graduate students show value of local ballet group
A study by two Shippensburg University graduate students
shows that the Central Pennsylvania Youth Ballet (CPYB) had an economic impact
of nearly $5.7 million on the region.
The study was done by Chris Sheipe and Joey Reese, students
in the university’s master’s of science degree program in psychological science.
The pair is in the program’s applied track for graduates interested in areas such as industry, government,
or non-profits. The study fulfills part of their degree requirements.
According to Dr. Lea Adams, associate professor of
psychology and co-director of the applied track with Dr. James Griffith, associate
professor of psychology, the study focused on the fundamental question “Was
money spent in the community that would not have been spent if (CPYB) didn’t
Of the $5.7 million impact, Sheipe and Reese found individuals
who attended performances spent nearly $2.6 million, CPYB’s operational expenditures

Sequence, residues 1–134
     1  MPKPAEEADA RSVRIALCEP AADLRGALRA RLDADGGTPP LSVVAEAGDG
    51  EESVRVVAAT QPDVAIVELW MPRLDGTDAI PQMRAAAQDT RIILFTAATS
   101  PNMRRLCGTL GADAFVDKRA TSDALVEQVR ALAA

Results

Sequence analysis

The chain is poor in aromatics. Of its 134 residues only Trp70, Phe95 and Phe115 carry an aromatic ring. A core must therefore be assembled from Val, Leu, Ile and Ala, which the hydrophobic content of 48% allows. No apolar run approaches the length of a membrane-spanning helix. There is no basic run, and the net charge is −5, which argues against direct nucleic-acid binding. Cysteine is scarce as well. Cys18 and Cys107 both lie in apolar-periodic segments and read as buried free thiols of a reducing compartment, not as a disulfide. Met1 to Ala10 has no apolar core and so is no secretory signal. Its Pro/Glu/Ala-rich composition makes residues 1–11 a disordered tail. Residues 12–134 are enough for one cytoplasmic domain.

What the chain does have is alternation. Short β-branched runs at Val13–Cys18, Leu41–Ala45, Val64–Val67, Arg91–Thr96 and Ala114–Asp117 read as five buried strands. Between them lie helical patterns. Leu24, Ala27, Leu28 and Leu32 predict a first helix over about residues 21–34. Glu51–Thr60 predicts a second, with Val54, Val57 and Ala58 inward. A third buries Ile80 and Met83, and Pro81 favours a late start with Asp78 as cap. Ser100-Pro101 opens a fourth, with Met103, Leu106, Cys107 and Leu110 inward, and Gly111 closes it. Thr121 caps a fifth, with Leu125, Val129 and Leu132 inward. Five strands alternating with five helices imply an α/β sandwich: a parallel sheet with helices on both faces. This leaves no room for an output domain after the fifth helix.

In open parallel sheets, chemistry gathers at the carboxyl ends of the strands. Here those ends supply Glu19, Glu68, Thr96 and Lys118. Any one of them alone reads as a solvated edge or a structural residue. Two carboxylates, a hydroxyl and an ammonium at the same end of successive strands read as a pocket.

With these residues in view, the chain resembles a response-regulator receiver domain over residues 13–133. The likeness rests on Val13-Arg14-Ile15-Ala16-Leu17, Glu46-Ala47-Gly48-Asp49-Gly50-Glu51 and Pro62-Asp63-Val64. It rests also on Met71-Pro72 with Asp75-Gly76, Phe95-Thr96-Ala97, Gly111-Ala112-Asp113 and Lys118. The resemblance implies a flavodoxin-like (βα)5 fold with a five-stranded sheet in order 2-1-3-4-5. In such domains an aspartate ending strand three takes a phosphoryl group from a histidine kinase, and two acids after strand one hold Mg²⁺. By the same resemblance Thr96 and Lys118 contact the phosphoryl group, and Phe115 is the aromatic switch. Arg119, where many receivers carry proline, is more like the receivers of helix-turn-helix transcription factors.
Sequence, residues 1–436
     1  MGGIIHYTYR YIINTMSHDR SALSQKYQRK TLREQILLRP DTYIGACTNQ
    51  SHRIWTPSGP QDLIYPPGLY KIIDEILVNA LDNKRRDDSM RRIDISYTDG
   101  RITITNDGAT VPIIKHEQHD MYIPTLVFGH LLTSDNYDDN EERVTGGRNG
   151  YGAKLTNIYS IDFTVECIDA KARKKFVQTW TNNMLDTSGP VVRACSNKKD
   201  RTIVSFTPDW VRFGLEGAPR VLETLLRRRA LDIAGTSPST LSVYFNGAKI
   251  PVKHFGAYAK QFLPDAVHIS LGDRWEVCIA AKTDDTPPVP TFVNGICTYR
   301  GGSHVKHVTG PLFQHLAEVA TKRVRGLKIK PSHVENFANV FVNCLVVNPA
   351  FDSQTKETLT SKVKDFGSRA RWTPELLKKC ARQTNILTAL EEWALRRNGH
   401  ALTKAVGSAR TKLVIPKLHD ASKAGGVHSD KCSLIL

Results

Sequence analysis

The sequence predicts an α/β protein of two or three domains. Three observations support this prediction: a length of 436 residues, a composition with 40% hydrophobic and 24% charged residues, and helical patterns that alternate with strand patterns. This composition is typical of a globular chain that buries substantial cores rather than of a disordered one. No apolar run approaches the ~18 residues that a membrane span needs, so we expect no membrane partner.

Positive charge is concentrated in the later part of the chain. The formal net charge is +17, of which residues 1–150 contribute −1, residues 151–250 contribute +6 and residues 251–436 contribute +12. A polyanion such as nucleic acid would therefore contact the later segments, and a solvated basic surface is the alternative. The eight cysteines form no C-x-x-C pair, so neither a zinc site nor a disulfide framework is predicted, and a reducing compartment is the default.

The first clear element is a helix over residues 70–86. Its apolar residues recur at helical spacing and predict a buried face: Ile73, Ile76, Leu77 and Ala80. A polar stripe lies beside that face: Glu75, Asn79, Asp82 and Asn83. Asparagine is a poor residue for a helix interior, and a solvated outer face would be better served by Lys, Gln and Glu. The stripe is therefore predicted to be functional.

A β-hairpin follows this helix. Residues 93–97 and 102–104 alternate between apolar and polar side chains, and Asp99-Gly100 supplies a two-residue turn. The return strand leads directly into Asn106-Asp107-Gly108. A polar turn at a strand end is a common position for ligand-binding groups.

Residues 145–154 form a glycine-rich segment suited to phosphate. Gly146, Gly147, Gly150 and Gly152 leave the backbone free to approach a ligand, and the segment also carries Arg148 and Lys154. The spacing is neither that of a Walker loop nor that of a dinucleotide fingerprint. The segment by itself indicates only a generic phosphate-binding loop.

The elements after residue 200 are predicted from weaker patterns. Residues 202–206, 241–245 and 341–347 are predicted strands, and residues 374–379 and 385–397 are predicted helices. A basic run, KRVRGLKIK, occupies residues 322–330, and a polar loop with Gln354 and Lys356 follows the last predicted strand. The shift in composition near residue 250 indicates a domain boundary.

were nearly $1.6 million, and CPYB’s salary and wages were nearly $1.4 million.
Reese said the study looked at three areas of spending. “The
biggest one was the clientele spending in the community. The second group was
the expenditures in operating costs itself. For example, the money paid to local
contractors to build a set. The third area of spending was the salaries and
wages of employees at CPYB.”
In the study, individuals who attended performances were asked
various questions such as how far they traveled, did they eat dinner in the
area, did they stay overnight and what else did they do while they were in the
According to Reese, “In a time when arts are being pushed
away, this really means something. I like the methodology that we use in
psychology. It’s very scientific and I think when you apply it to the real
world, you get real results that actually mean something. For Central
Pennsylvania Youth Ballet (the results) are valuable.”
Adams said the program regularly works with area
organizations. “We try to partner with organizations in our community to do
applied psychological research and CPYB has been a magnificent community